Only minimally do respondents report that students who are suspected of being gay are targeted for cyber ridicule. Only one or two students from the sample of 365 students in the open-ended question say that it is gay students (or those students who are assumed to be gay) who are targeted. This might mean that the term “gay” is used more broadly as a flippant term not meant to harm or ridicule, although the person receiving the designation is upset by it. As one twelve-year-old boy admits in one of the open-ended responses, “gay and lesbian jokes are now just for fun and many students don’t care. However some students take it seriously. Some friends of mine admit that they are gay and no one really cares”.
When respondents were asked if someone else had pretended to be them online (Question #17), the results are similar for both genders (Male: 23.2%, Female 26.2%). One girl, age 13, described, “Well my friend once made fun of me pretending she was me. She was talking to some people and saying mean stuff about me and my friend told me and she denied it.” However, when asked if other individuals had sent or posted personal or sensitive information about them online (Question #18), 25% of girls versus 14% of boys reveal that this type of behaviour has occurred. As another girl, age 12, described one experience, “when I was about Grade 7 a girl from my class write something online about my embarrassment and they wrote something really bad – I felt embarrassed. I want to stop it. I know if I say to her she wouldn’t stop it. So I just ignored her and she stopped it later.”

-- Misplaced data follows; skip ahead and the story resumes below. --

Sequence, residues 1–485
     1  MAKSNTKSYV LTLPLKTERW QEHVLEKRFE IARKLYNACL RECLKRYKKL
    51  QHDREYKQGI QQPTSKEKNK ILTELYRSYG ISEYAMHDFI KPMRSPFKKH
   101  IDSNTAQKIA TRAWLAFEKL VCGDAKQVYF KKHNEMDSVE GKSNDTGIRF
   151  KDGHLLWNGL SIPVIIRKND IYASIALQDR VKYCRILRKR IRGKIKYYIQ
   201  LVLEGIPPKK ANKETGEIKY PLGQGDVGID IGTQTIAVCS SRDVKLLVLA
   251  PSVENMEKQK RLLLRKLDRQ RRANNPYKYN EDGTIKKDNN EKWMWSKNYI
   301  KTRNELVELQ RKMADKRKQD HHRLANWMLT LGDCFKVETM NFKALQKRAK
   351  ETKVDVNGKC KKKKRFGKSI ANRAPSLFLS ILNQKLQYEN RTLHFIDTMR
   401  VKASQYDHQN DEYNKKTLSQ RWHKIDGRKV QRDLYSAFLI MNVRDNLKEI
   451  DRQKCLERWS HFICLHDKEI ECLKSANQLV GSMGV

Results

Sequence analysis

With reference to Question #19, the results again are slightly higher for girls than boys; for example, 17% of girls report being deliberately excluded by other students from online groups and chat rooms as opposed to 12% of boys who report being barred. One twelve-year-old girl reports that, “I was half mad, half crying and bubbling with furiosity. It was a crazy mixed emotion. I let the bully blabber on and on and stared hours at the website she created about me and the email and the msn chat room conversation. She stopped after a while and got bored of me. She was one of my good friends. I didn’t understand why she did it.”